Despite the fact that it was banned from publication in America, Ulysses was frequently smuggled into the country, becoming one of the best-known banned books of all time. Still, it was not until 1934 that Random House, under the leadership of Bennett Cerf, won a landmark court battle and the right to publish Ulysses in America; two years later it was published in England as well. But in the meantime, starting in 1923, Joyce had begun work on his most radical and ambitious work of prose, the book parts of which were published as Work in Progress (among other provisional titles) but which finally emerged as Finnegans Wake.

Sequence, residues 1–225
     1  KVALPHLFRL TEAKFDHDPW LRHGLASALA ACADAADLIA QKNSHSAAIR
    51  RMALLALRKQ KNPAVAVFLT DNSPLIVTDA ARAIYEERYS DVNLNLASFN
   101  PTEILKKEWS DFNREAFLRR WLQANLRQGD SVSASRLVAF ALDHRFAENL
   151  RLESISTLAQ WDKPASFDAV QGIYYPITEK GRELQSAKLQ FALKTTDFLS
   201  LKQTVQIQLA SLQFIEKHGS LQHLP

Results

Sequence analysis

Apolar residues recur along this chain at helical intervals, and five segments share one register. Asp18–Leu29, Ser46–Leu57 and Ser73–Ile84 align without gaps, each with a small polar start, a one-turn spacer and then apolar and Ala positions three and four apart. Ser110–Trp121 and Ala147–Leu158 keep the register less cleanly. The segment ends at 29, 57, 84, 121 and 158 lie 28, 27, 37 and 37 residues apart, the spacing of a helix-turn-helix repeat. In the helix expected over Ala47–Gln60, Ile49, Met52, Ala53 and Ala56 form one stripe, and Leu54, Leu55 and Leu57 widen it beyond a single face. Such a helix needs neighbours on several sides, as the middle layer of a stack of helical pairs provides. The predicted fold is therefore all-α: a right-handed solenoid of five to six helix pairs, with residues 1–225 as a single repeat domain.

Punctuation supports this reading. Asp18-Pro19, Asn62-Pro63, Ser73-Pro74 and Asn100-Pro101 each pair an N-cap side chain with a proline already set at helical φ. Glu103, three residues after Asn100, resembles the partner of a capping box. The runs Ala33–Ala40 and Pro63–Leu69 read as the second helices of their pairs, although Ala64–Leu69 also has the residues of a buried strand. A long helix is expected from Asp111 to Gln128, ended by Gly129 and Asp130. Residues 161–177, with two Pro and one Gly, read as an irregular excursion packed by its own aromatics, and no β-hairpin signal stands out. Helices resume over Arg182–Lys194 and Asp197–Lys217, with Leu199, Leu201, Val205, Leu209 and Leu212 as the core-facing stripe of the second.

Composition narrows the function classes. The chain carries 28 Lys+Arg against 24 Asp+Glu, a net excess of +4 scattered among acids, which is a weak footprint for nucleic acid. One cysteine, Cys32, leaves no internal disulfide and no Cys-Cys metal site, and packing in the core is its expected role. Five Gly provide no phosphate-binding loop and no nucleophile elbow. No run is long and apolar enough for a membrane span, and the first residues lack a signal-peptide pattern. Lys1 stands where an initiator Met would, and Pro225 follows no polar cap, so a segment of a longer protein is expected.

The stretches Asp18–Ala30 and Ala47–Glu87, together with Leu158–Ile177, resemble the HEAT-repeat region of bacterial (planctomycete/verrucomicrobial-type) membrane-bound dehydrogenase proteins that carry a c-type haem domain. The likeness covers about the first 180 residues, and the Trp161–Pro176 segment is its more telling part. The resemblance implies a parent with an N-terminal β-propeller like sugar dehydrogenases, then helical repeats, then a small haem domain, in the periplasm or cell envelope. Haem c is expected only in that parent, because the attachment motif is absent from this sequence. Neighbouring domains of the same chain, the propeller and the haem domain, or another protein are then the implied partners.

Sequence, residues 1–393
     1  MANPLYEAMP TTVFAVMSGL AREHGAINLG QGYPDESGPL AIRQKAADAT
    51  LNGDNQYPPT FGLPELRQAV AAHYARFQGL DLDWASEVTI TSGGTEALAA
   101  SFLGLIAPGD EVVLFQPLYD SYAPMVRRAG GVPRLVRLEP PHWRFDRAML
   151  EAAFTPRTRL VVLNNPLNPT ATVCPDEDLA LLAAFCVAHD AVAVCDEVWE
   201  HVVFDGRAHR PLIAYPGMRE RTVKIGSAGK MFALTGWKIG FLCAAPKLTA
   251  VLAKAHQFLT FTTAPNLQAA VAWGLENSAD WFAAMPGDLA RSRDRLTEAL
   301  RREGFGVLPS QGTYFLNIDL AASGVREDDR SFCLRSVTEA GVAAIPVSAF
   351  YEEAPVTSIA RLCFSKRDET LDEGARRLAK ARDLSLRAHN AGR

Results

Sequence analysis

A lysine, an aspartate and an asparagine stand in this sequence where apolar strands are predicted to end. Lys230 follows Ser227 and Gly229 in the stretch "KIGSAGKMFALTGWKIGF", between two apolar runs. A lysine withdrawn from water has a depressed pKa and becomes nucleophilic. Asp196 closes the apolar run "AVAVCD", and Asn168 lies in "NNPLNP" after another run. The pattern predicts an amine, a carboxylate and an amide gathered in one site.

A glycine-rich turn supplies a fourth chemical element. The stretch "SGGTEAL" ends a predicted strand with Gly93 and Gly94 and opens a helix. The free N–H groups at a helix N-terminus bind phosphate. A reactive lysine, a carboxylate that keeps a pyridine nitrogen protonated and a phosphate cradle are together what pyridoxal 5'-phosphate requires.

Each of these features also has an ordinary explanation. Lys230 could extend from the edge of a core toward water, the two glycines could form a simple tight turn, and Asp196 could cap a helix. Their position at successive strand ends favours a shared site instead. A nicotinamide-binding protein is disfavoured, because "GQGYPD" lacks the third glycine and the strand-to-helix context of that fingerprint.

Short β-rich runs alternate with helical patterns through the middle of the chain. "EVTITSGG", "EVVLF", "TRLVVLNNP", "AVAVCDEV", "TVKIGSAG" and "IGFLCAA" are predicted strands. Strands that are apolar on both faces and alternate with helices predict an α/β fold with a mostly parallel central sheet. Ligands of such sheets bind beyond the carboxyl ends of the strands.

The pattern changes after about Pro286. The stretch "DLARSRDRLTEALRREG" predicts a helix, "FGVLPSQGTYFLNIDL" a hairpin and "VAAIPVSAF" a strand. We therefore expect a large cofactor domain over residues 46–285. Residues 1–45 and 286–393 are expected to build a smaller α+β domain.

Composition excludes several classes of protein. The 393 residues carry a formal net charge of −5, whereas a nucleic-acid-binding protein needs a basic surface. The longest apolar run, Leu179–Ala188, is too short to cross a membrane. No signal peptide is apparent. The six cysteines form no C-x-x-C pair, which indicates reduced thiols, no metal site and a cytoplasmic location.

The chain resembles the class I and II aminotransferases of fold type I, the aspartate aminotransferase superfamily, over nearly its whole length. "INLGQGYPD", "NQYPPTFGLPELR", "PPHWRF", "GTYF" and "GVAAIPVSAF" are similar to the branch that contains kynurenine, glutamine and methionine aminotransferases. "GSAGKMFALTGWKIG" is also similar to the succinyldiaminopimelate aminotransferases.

From its first fragment, published in Ford Madox Ford's transatlantic review in 1924, the Wake caused trouble for Joyce. Many of his friends and supporters were dismayed. Pound confessed himself baffled, and even Harriet Weaver expressed disappointment, which caused Joyce considerable pain. The book is written in a "night-language" far removed from ordinary English, jammed with portmanteau words and multilingual puns. When a friend objected that some of the puns in the Wake were trivial, Joyce replied that some were indeed trivial, and some quadrivial. Worse, there are no fixed characters or events in the book--or, alternately, there are too many for comfort.